Physiotherapy is an important part of many surgical procedures, and it’s particularly important following orthopaedic surgery.
What is a physiotherapist?
A physiotherapist is a healthcare professional who uses a holistic approach to help those suffering from illness or injury. A physiotherapist’s focus is to relieve symptoms and improve quality of life by helping patients to manage their pain and improve their mobility. This is usually achieved through a combination of movement, manual therapy, and sometimes other physiotherapy techniques such as acupuncture and ultrasound.
What training has a physiotherapist undergone?
Physiotherapists usually complete a dedicated undergraduate degree or a postgraduate course in physiotherapy. To practise as a chartered physiotherapist in the UK, they must then register with the Health & Care Professions Council.
The benefits of physiotherapy
- Physiotherapy is an effective way to restore mobility by improving your flexibility and strength, which in turn can help with balance and coordination.
- Physiotherapy can also be used to help relieve pain and inflammation. By focusing on areas that are causing you discomfort, your physiotherapist can increase your strength and flexibility using pain relief exercises.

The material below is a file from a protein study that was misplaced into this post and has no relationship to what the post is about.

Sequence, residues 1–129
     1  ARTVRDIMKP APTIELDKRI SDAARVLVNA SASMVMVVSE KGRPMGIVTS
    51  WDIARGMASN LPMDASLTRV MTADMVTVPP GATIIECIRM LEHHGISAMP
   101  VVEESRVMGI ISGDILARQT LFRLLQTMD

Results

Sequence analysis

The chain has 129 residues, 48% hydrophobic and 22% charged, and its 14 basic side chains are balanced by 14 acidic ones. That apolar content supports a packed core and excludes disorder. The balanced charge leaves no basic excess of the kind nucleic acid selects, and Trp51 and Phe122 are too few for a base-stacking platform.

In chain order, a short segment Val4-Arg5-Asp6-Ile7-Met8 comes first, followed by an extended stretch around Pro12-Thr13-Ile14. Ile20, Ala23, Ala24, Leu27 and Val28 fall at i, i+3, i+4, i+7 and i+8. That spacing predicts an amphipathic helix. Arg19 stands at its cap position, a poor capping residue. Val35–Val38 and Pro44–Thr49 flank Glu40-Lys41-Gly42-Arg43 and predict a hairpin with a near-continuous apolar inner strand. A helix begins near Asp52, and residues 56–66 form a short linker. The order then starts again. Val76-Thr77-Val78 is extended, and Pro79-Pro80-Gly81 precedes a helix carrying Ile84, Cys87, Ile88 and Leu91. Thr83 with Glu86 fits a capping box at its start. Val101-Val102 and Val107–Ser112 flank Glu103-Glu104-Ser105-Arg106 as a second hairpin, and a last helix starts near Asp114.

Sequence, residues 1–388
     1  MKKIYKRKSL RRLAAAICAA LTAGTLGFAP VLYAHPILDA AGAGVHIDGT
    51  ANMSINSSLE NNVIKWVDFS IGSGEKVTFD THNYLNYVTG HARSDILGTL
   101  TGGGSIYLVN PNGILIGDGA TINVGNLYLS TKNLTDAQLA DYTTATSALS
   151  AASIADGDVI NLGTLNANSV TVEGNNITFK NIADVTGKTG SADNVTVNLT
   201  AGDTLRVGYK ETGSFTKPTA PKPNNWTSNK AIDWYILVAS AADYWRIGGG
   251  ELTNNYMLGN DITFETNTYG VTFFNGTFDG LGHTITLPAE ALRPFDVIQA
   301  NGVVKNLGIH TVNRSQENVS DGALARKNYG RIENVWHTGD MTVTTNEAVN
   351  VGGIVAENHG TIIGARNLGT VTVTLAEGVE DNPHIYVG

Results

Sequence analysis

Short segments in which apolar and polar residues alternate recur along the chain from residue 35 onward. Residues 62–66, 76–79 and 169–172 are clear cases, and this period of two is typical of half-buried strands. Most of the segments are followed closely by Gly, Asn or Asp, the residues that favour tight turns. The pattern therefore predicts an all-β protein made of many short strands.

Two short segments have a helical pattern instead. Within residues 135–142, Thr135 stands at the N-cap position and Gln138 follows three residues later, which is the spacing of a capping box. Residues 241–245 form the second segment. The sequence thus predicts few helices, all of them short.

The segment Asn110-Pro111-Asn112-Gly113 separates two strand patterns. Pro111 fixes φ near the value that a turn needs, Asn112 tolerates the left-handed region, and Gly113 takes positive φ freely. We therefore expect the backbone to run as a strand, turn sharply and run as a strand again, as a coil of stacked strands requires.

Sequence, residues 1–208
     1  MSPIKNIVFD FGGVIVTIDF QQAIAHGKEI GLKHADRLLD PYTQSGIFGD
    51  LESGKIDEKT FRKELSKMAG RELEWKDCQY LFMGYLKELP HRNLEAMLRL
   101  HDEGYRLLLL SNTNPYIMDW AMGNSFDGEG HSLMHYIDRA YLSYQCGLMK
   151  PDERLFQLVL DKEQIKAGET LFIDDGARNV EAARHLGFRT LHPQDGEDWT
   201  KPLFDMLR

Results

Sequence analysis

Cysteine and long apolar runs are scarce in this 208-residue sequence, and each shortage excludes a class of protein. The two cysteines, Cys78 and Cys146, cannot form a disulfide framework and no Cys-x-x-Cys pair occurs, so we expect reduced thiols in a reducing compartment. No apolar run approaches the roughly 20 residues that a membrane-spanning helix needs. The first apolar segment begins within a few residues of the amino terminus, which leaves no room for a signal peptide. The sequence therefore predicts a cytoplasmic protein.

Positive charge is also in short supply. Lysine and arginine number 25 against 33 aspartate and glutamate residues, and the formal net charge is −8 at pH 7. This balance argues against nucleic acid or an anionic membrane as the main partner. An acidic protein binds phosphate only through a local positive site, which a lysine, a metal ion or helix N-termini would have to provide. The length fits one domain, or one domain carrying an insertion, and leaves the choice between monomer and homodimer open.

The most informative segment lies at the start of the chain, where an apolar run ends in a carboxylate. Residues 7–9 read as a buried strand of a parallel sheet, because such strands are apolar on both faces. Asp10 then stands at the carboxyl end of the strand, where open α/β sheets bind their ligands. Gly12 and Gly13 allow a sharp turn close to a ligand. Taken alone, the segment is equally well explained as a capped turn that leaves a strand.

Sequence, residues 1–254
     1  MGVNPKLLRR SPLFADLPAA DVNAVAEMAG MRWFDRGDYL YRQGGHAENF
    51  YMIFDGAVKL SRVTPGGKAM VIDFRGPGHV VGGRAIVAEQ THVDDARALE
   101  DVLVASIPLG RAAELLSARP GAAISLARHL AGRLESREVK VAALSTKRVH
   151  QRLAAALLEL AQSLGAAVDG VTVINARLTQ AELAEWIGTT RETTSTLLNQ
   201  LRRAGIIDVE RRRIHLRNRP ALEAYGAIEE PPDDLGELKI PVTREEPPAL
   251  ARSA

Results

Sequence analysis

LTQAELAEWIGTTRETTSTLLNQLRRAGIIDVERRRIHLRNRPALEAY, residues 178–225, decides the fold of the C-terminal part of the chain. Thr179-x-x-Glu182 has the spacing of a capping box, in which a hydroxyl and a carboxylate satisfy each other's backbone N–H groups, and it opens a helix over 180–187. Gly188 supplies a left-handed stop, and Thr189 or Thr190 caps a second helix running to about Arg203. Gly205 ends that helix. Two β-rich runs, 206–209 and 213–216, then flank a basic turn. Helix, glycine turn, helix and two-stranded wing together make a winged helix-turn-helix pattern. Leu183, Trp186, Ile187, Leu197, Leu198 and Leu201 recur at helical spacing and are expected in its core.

- Your physiotherapy treatment can be tailored to suit you, so if aerobic exercise isn’t an option, there are gentler techniques such as stretching or massage that can be used. Your physiotherapist may even recommend a combination of treatments.
- During your treatment, your physiotherapist will most likely give you some exercises to do at home, which will help you to see quicker results. Eventually, once everyone’s happy with your progress you may able to continue your physiotherapy independently.
- Many physiotherapists are happy to provide treatment in a clinical environment, or in the comfort of your home. Sometimes the latter can be useful for helping your physiotherapist to understand your day-to-day movements and improve your confidence at home before moving on to bigger challenges.
Why is physiotherapy important following orthopaedic surgery?
In many cases patients who undergo orthopaedic surgery have already tried physiotherapy as a more conservative treatment.
Following your surgery physiotherapy is just as important and will help to restore the movement of your hip or knee and strengthen the surrounding muscles. Strengthening your muscles not only helps with movement, but it will also protect your joint against future injury.
In some cases it may not be possible to fully restore the mobility of your joint, and instead your physiotherapist might help you to find new ways to move that don’t put excessive strain on other joints.
Ultimately your physiotherapy will help you to get back on your feet as quickly and safely as possible following your surgery – ensuring the best long-term results.
Some procedures include two sessions of physiotherapy. These include hip replacement, knee replacement, arthroscopy and synovectomy. However, we are always happy to put you in touch with a local physiotherapist prior to and following any kind of procedure.